Sunday, April 4, 2010

Hall of Fame 2010: Who Got Shut Out?

Today the Basketball Hall of Fame announced its 2010 inductees, which include Scottie Pippen, Karl Malone, Dennis Johnson, Cynthia Cooper, Jerry Buss, and Bob Hurley Sr. I cannot quarrel with any of these decisions.

From the original list of nominees, losing candidates include:
(1) Players: Jamaal Wilkes, Chris Mullin, Bernard King, Richard Guerin, Gus Johnson, and Maciel Pereira;
(2) Coaches: Don Nelson, Tex Winter, Harley Redin, and Vladimir Kondrashin;
(3) Teams: 1960 U.S. Men's Olympic team; 1992 U.S. Men's Olympic team; All-American Redheads

Most of the players above do not strike me as HOF material. Wilkes, Mullin, and King were fine small forwards in a SF-happy decade, but did not distinguish themselves as championship-level players. Guerin and Johnson retired over thirty years ago; why should we consider them now?

Pereira probably deserves the honor as the avatar of Brazilian ball.

Coach Nelson has been at his craft a long time, hence his near-record win total, but has never been held as a peer of truly great coaches such as Larry Brown, Gregg Popovich, Phil Jackson, and Jerry Sloan. Witness the 2005-06 Dallas Mavericks: after several years of playoff underachievement, Nelson resigned and Avery Johnson took the team to the Finals just 15 months later. So keep this guy out of the Hall.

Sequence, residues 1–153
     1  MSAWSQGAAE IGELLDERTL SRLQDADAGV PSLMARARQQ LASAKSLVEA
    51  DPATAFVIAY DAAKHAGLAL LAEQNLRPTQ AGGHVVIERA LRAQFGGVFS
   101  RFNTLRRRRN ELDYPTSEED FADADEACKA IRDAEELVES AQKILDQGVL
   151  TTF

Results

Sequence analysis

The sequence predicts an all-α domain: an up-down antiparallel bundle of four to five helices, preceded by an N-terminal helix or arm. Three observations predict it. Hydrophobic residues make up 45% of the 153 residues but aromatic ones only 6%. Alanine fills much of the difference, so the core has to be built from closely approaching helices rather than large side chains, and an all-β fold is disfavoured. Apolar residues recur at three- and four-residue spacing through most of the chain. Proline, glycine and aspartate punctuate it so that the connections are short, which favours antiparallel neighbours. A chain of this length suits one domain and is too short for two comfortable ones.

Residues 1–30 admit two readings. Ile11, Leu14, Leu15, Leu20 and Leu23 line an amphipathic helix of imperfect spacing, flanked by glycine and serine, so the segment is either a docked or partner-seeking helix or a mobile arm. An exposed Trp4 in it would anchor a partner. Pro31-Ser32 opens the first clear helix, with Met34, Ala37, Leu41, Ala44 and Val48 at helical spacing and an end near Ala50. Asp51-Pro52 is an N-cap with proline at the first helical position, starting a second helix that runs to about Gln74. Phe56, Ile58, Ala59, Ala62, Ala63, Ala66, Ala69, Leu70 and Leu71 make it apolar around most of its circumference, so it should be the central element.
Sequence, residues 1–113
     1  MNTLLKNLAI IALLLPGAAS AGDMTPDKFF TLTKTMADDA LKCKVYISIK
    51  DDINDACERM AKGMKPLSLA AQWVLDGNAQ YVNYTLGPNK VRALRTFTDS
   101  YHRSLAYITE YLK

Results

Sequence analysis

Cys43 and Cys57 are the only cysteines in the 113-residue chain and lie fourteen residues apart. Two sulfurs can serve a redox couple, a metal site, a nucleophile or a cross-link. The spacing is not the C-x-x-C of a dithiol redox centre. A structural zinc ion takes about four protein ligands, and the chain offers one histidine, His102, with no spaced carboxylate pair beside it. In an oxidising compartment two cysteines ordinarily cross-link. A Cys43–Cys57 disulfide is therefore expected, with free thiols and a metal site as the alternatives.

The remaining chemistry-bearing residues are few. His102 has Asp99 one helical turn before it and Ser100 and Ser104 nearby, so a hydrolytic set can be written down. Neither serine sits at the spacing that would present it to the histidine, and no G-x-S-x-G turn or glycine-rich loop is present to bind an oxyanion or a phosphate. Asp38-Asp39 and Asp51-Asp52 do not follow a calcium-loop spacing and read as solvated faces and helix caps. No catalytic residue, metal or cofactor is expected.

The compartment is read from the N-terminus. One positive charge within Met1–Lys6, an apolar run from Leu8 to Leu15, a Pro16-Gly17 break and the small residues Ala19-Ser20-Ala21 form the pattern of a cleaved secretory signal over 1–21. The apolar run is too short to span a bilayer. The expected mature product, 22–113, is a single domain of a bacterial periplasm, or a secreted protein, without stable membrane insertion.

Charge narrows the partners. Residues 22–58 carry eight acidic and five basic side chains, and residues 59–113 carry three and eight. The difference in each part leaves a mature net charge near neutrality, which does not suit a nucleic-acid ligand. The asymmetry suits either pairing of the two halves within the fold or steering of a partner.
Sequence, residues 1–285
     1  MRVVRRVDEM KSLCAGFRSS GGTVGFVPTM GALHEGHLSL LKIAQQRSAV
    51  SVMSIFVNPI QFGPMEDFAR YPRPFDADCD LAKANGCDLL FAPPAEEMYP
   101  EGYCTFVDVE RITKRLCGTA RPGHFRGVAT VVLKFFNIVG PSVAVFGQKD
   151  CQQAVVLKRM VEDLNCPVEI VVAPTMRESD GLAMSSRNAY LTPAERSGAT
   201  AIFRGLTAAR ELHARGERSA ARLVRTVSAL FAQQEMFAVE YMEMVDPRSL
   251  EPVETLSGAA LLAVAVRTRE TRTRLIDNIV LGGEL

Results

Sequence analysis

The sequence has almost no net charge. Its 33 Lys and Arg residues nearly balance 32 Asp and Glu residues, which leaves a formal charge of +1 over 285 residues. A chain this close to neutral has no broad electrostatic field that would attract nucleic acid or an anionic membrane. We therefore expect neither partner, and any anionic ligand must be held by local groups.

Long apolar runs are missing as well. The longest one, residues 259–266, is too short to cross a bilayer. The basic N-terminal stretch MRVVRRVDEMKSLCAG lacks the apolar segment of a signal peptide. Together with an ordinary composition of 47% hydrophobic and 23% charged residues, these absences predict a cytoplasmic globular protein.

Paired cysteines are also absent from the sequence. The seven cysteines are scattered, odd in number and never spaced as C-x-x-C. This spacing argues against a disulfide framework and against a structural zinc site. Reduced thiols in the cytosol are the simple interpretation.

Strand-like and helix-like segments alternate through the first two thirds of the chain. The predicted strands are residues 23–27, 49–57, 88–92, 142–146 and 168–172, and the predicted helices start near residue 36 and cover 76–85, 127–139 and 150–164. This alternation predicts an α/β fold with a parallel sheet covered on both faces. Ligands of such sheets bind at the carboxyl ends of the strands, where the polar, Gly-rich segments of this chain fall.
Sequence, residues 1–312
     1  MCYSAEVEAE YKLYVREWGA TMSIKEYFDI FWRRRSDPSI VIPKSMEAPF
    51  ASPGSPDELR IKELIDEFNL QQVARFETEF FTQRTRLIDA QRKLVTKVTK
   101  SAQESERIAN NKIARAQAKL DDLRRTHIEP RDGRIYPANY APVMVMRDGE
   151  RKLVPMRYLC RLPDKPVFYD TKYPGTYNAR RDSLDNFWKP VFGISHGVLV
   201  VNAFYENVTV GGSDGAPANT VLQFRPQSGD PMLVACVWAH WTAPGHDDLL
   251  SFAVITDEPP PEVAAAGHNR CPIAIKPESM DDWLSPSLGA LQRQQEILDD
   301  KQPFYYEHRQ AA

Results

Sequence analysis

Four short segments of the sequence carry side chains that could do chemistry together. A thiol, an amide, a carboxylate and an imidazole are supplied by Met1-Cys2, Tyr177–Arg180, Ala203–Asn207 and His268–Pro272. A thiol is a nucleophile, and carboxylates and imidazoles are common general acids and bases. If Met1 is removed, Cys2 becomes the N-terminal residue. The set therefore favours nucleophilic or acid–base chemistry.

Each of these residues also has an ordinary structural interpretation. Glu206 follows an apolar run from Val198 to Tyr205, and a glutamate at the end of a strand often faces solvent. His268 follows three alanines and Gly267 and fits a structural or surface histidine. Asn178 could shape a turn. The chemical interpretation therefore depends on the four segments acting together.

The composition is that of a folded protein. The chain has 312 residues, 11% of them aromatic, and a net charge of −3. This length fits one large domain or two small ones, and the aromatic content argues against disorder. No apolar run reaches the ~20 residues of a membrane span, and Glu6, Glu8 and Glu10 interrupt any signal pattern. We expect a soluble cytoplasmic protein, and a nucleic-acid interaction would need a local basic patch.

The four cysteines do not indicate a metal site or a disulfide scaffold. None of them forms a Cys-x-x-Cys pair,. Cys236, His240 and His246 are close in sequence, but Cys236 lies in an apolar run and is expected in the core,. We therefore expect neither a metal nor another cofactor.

Coach Winter has helped Phil Jackson earn nine NBA championships as an offensive consultant, but never delivered HOF-type results as a head coach in his own right. He may have helped Kansas State reach the NCAA Final Four twice, but let us not forget that the NIT Tournament was the more prestigious contest back in the '50s. With all due respect, Winter does not deserve a spot.

Coach Kondrashin surely deserves it for building Russian (Soviet) hoops into a stalwart and thereby spreading a zest for the game. Without him, there might be no Kirilenko or Prokhorov, and nowhere for the Trajon Langdons to ply their trade.

Coach Redin compiled a 87% winning record at Wayland Baptist University. However, I must admit that I do not understand enough context of women's college basketball in the 1960s to opine as to the magnitude of this achievement. I cannot answer this one.

I am not sure what the criteria for Hall of Fame teams should be. All of the teams above were dominant and are now regarded as legendary, so induct them all, I say.
UPDATE: After I wrote the above, news emerged on the afternoon of April 5th, indicating that Pereira, the 1960 US team, and the 1992 US team will all be inducted.

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